NAFTA renegotiations could focus on specific sectors

As the Trump administration officially indicated today its desire to renegotiate the 1993 North American Free Trade Agreement, trade lawyers began preparing for what will come next.

Geoffrey Kubrick, Ottawa-based national chair of the international trade practice at McMillan LLP, says some companies have expressed worry over the possibility of impending NAFTA negotiations.

“There’s a lot of concern about the negotiations, but it’s not so much about the negotiations, as what is being reported about what is going to be covered,” says Kubrick. “For example, there are things like border taxes, and those things are never going to happen. What people should be focusing [on] is what really could change under NAFTA.”

Kubrick says he believes negotiations could focus on specific sectors, where there were exceptions or reservations taken by Canada and Mexico.

“I think that’s where people should be focusing, but right now, there’s a lot of talk about things that probably aren’t going to happen,” he says.

He says when he recently reviewed NAFTA, he discovered that “about two-thirds of NAFTA is actually exclusions, reservations and exceptions, and most of those are for Canada and Mexico.”

“So, I fear that President Donald Trump was correct, in that the United States gave up more than Canada and Mexico did,” he says.

Kubrick says in his opinion, industries that could see changes include the dairy industry and the chicken and egg industry.

“Where the United States will likely target is where Canada has claimed a variety of exceptions. . .,” he says, such as where Canada has imposed punitive tariffs on imports.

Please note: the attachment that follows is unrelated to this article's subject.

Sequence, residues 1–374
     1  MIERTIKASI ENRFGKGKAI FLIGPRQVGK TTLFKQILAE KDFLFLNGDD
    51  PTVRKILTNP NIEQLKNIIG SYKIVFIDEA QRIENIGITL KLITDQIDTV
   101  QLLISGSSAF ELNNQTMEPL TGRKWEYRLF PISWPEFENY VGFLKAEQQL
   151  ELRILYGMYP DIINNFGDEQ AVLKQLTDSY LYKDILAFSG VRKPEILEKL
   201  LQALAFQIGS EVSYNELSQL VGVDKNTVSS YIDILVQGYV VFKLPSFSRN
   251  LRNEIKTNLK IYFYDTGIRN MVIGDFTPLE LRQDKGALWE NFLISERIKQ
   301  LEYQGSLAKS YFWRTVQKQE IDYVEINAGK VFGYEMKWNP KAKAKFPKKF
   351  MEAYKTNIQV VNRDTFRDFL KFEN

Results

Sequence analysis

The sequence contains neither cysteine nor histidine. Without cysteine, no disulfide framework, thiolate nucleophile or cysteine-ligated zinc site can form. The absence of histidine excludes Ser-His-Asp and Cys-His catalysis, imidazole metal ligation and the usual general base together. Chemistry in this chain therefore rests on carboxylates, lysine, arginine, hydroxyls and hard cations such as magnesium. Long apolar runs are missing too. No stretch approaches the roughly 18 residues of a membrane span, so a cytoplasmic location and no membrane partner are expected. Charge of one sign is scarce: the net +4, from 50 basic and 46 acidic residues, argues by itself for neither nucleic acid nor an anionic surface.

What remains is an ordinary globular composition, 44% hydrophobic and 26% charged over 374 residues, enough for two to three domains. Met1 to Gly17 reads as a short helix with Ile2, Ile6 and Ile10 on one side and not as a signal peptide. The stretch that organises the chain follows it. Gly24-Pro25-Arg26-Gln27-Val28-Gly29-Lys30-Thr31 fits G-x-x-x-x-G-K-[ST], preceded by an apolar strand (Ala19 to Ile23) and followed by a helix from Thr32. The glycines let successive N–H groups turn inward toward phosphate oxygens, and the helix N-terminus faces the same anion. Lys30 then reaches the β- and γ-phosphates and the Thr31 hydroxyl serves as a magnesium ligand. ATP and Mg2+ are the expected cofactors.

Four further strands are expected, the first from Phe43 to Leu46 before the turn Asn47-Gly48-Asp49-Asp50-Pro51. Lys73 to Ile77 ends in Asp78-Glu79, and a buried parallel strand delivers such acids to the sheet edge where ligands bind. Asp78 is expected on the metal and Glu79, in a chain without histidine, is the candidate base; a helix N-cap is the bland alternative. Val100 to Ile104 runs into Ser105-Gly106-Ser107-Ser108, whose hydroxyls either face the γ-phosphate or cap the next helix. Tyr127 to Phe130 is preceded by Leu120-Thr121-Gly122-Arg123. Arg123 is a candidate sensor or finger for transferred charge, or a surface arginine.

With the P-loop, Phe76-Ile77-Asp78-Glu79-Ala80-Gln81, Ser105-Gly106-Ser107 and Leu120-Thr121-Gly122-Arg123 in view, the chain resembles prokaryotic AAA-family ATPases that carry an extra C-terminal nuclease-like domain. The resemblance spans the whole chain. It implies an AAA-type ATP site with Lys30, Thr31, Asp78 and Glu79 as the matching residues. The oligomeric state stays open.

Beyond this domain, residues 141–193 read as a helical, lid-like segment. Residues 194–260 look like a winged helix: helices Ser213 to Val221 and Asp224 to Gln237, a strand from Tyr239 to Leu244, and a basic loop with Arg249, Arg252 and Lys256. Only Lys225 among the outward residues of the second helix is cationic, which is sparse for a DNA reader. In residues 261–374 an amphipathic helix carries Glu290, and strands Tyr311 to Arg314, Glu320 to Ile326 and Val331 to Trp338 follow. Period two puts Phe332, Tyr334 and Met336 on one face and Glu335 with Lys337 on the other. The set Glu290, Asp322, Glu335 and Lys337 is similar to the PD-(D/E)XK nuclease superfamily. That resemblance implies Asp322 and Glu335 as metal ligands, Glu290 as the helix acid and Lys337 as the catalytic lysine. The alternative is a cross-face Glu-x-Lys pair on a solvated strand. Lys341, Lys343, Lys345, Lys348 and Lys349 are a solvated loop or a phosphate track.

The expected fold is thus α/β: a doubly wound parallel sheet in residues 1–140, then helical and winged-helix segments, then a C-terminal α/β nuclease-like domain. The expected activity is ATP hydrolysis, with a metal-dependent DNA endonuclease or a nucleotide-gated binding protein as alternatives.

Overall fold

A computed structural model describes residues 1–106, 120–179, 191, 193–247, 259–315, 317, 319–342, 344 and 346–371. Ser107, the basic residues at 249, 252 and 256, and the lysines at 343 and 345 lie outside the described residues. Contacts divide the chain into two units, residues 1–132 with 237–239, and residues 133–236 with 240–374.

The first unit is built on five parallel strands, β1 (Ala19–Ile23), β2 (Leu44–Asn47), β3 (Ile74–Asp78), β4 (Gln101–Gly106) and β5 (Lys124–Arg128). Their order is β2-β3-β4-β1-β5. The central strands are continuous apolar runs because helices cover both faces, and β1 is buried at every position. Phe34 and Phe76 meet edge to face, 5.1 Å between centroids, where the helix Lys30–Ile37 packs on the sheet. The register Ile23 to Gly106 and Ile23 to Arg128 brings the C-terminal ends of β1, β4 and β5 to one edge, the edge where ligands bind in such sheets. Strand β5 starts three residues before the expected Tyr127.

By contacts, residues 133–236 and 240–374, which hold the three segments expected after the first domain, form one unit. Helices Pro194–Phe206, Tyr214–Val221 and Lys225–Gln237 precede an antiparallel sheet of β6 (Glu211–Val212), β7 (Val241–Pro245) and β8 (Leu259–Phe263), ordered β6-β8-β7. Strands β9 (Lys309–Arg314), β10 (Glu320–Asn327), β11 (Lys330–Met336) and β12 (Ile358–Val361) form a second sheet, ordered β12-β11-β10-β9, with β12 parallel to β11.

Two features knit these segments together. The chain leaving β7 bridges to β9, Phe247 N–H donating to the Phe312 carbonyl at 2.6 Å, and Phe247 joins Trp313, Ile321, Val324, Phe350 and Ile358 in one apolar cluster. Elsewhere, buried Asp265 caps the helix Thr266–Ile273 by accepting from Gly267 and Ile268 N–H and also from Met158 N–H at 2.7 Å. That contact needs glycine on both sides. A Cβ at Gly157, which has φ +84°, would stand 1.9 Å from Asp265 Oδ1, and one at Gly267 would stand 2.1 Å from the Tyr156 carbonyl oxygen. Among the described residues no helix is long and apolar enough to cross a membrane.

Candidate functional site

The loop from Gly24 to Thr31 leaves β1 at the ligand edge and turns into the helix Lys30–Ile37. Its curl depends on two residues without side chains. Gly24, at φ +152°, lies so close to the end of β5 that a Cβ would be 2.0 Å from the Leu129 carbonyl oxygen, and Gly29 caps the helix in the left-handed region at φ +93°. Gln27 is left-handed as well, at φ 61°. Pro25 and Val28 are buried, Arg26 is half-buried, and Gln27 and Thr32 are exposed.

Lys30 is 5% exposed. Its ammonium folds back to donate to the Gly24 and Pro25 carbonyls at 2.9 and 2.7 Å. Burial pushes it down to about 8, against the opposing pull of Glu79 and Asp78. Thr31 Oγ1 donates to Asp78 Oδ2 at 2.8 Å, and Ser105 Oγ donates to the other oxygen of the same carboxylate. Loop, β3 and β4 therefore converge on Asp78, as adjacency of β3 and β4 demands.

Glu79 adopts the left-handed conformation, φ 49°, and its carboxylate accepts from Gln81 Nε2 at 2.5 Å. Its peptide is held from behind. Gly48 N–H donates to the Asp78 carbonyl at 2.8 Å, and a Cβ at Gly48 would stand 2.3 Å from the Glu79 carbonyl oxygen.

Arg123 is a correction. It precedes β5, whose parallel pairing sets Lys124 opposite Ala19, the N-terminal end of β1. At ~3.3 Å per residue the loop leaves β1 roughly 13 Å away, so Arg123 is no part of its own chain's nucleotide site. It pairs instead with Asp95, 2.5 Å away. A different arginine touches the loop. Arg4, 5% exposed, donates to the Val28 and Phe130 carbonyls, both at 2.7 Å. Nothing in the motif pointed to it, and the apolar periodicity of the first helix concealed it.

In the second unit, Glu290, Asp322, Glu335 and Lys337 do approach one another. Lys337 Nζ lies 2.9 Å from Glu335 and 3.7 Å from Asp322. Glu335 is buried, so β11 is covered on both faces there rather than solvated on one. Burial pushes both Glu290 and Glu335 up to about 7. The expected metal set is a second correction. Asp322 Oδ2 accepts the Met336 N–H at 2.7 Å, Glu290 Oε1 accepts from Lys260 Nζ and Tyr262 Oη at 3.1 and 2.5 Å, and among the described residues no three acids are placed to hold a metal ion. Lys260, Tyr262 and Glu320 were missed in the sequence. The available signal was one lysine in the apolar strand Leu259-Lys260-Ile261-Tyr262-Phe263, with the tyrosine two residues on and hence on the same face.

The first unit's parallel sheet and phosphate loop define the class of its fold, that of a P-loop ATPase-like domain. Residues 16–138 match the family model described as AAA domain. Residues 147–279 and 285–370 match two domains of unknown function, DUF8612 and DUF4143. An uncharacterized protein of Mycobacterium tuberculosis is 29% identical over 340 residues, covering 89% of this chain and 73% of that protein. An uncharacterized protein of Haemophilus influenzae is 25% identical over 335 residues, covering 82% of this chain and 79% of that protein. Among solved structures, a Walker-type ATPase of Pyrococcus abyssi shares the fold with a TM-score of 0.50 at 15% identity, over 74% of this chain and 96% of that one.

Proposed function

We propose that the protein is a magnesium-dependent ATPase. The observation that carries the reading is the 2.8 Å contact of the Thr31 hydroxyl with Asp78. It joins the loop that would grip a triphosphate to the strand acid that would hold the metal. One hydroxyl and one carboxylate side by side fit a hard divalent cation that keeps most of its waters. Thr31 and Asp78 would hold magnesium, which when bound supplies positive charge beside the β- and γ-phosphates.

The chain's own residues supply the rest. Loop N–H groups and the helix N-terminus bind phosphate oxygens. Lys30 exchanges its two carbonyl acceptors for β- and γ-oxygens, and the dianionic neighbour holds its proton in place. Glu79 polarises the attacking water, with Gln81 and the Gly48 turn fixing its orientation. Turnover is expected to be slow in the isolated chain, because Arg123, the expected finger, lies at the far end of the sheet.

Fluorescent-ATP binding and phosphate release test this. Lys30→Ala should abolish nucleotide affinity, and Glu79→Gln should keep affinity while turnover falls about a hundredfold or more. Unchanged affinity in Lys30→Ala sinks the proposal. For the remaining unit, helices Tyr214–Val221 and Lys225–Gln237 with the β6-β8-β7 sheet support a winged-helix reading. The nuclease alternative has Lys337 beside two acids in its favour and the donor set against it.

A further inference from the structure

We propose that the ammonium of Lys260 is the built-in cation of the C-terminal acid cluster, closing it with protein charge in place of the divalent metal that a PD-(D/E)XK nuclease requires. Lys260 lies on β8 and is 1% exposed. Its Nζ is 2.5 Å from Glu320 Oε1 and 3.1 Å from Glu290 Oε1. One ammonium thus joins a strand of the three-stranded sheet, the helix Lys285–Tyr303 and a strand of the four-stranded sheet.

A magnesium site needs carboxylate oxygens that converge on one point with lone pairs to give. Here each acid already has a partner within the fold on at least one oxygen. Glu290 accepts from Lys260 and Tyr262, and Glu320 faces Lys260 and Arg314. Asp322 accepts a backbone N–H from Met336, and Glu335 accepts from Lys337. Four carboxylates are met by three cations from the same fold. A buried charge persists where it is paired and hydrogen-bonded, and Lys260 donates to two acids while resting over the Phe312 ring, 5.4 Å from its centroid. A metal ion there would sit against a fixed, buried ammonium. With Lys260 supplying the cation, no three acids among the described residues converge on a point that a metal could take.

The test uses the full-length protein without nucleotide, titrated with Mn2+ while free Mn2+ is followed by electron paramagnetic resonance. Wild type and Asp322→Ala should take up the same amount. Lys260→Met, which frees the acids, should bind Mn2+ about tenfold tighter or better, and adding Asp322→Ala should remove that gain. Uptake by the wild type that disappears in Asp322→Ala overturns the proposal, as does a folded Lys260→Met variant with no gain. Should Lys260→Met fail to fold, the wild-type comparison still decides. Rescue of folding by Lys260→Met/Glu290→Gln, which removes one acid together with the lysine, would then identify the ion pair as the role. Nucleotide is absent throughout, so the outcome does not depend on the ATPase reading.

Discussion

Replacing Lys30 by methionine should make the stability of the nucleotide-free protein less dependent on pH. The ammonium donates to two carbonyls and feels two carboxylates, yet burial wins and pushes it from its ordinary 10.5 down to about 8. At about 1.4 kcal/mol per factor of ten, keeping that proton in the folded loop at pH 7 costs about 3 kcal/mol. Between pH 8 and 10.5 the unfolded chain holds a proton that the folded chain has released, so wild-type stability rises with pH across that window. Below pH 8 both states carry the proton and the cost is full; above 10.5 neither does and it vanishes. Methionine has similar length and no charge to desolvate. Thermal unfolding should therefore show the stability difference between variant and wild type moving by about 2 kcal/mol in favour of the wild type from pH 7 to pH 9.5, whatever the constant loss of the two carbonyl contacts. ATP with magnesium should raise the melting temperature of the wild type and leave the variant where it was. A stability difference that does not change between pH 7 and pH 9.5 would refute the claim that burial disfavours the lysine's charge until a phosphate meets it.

“Canada allows a small amount of imports, tariff-free, in accordance with our [World Trade Organization] obligations, but after that, we have duties of over 200 per cent on these products, so the United States wants to sell dairy products in Canada and probably they’ll go after chicken and eggs, as well.”

Changes could also impact the telecommunications and entertainment industries, digital services such as cloud computing, and liquor rules. Kubrick predicts in certain areas the U.S. government will look to have “Canadian exclusions and exceptions and reservations removed or reduced,” like for dairy and egg products.

“That will certainly be a topic of discussion, and if we want to keep it, we’re going to have to give the Americans something else,” he says.

Kubrick, who has been practicing for nearly 30 years, says the negotiations could mean more work for lawyers.

“What a lawyer can do at this stage is assist [their clients] in communicating concerns and developing a strategy to push the Canadian team to strengthen their resolve in maintaining these protections,” he says.
He says lawyers should let their clients know there are concerns related to certain sectors and encourage their clients to get their message before government.

“The real issue for lawyers comes after the negotiation, on implementation,” he says. “When the rules change, there’s always more work for lawyers. . . if you have new laws, you have new rules, and they have to be tested to see where they stand.”

This is especially true for international trade lawyers.

“The more trade you have, the more trade disputes you tend to have,” he says.

“When there’s more competition coming from abroad, there’s more concern about that competition, and how you deal with it.”

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